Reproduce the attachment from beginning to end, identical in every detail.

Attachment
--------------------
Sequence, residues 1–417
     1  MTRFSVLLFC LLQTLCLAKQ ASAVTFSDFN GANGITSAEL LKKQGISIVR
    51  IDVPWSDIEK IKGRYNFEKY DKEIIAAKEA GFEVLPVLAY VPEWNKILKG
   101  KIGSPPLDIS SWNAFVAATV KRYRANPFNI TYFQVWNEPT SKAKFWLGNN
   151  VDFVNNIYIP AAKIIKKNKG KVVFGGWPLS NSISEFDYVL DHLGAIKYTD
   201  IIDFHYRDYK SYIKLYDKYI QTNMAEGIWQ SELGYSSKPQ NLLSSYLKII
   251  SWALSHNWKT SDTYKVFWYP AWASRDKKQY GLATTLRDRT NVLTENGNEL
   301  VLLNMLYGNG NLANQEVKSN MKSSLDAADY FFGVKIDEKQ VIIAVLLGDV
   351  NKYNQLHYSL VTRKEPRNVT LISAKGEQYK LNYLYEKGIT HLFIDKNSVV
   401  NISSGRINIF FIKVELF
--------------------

Sequence, residues 1–417
     1  MTRFSVLLFC LLQTLCLAKQ ASAVTFSDFN GANGITSAEL LKKQGISIVR
    51  IDVPWSDIEK IKGRYNFEKY DKEIIAAKEA GFEVLPVLAY VPEWNKILKG
   101  KIGSPPLDIS SWNAFVAATV KRYRANPFNI TYFQVWNEPT SKAKFWLGNN
   151  VDFVNNIYIP AAKIIKKNKG KVVFGGWPLS NSISEFDYVL DHLGAIKYTD
   201  IIDFHYRDYK SYIKLYDKYI QTNMAEGIWQ SELGYSSKPQ NLLSSYLKII
   251  SWALSHNWKT SDTYKVFWYP AWASRDKKQY GLATTLRDRT NVLTENGNEL
   301  VLLNMLYGNG NLANQEVKSN MKSSLDAADY FFGVKIDEKQ VIIAVLLGDV
   351  NKYNQLHYSL VTRKEPRNVT LISAKGEQYK LNYLYEKGIT HLFIDKNSVV
   401  NISSGRINIF FIKVELF